It's not perfect of course; if there is a contingent of soldiers to be released later (by a script) you could fire off even a nuclear warhead and they will not run out from their bunker (where you can see them standing around with your handy dandy motion detector, a la Aliens); other times, AI will see you through walls - again, you can see them milling about on the other side of the wall, following you about. Secondly, the AI seems not to suffer from recoil, whereas yours is indicated by the expanding crosshairs (the longer you fire, the worse it gets) and is quite ferocious. The submachine gunners are particularly deadly, as they rarely miss - contrariwise, when you try the submachine gun you will rarely hit anything at all (admittedly, the accuracy is probably fairly realistic; SMG's are far more accurate than most games or movies portray). Other times, AI will simply lose momentum if their search routine times out before they can find you - then they will simply stand in place and not move (great for dropping a grenade into their midst, not so great for immersion). Finally, once the AI sees you, you will remain seen - although the thick brush might prevent you from responding in kind. It's a little inconsistent, but the overall atmosphere is that of stalking the enemy and having to remain undetected at all costs, so let's call that a qualified success on Techland's part.

Then there's the indoors part. While there are a few clever tricks as Chrome's bad guys will throw grenades (often at themselves), or frequently stay behind cover and take potshots at you (instead of running into the kill-zone like most FPSs), for the most part the indoors portions play like an obstacle course. Most of the bad guys are simply planted in certain places and cannot do anything intelligent like patrol, look for you or use tactical maneuvers. It's about as much fun as fighting turrets - peek out, throw a grenade or snap off a headshot, duck back, heal if hit, repeat. To add insult to this injury, the interiors are very uninspired, repetitive, plain and overall dark - not a happy thought as the enemies all blend into the background. I hardly ever crank my gamma in games, but I had to do it here just to be able to distinguish the humans from the background.

In short, the outdoors are all about stalking, recon and careful threat elimination. The indoors are all about shoot, duck, heal, repeat.


It's hard not to wonder whether Techland knew about the weakness of their indoors - most of the action takes place outside. There's another reason for this of course - it is outside that most of Chrome's fun equipment comes into play.


A few of these are ripped from Deus Ex, and a few are original - there is the ballistics protection, the adrenaline boost (faster running), the aim improvement (tighter crosshairs), scope enhancement (allows zoom with any weapon) and of course infravision. In an interesting twist you do not have to recharge any bio-energy; instead, the implants build-up a charge in your system which must be dissipated - if it reaches maximum, you take a bit of damage and your active implants shut down. Only time is needed to use them again. Sadly, the charge builds up extremely fast so for the most part the implants are like a faulty crutch, likely to break if you lean on it too hard. Still, the ballistics protection is useful if you remember to keep toggling it on and off to conserve charge.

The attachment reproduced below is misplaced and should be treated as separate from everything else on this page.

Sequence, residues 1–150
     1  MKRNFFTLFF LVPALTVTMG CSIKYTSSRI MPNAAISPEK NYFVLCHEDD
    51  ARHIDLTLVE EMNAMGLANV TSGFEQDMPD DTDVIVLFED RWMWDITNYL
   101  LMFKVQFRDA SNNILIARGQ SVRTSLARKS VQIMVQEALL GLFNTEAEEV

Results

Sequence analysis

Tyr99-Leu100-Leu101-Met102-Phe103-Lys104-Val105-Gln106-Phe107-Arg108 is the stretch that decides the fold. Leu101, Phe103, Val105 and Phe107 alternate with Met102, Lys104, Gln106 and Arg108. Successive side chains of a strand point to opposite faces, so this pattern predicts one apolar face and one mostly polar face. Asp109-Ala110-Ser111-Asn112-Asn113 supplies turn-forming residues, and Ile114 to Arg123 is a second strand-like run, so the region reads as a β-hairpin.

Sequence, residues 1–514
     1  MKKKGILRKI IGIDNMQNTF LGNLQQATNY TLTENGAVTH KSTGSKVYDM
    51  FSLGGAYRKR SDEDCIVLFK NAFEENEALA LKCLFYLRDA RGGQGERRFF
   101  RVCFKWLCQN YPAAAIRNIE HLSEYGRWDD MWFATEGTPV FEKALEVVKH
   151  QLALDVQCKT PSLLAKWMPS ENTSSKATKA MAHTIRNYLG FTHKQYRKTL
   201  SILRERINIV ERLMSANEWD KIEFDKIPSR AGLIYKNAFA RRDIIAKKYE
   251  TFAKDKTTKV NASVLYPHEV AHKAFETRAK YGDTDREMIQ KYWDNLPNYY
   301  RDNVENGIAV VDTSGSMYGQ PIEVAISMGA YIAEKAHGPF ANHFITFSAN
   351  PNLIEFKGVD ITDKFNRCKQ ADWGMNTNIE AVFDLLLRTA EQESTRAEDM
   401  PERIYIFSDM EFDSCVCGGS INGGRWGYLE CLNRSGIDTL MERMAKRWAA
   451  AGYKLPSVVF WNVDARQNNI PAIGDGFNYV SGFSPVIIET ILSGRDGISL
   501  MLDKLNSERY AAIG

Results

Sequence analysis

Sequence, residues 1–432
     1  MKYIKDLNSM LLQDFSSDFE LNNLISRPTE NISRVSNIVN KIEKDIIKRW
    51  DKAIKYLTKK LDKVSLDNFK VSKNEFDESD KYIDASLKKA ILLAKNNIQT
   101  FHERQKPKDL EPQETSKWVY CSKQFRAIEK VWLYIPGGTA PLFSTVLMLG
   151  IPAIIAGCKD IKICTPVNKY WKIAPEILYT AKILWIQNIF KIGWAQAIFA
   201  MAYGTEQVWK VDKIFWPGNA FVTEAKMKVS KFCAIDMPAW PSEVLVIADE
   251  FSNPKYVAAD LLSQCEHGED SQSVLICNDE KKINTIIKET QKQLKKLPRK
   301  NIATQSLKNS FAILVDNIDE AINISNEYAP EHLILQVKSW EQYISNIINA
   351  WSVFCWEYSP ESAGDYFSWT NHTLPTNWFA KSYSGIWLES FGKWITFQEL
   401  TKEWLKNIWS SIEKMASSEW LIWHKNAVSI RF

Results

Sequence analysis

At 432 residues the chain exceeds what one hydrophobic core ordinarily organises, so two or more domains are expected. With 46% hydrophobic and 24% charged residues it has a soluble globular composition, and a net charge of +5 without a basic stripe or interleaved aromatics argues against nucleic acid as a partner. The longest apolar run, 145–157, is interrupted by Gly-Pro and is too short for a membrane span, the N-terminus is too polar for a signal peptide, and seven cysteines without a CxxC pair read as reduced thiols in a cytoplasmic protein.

Weaponry and Equipment

I've mentioned situation-specific weaponry earlier; like Halo, all guns have a specific use. The suppressed pistol is excellent for stalking outside; the CAFS assault rifle (blatantly ripped off from Halo) is a great backup weapon for outside, and a decent choice for inside, having a large magazine and good range; the shotgun is a good room-clearer. It's also nice that you're aware of the shortcomings of your weaponry, so when you finally get some upgraded ordinance it's like Christmas all over again - I'll let you discover those for yourself (hint: tasty). The rocket launcher and sniper rifle are self-explanatory, and I have not found a use for the submachine gun - the rapidly expanding crosshairs (for you, not the bad guys, of course) make it fairly useless. A nice touch is that you cannot carry too much in the way of sniper ammo (12 rounds in a mag), and there isn't much of it to be found in most missions (although there is some) - you will seriously have to make the best of it while you have it. Likewise, rocket launchers won't just be laying around so again - make the best of it. In fact, all weapons will mainly be scavenged from corpses; seems that guards in Chrome actually lock up their explosives. Finally, there is simply no way to carry more than one rifle weapon, which I find quite immersion-satisfying.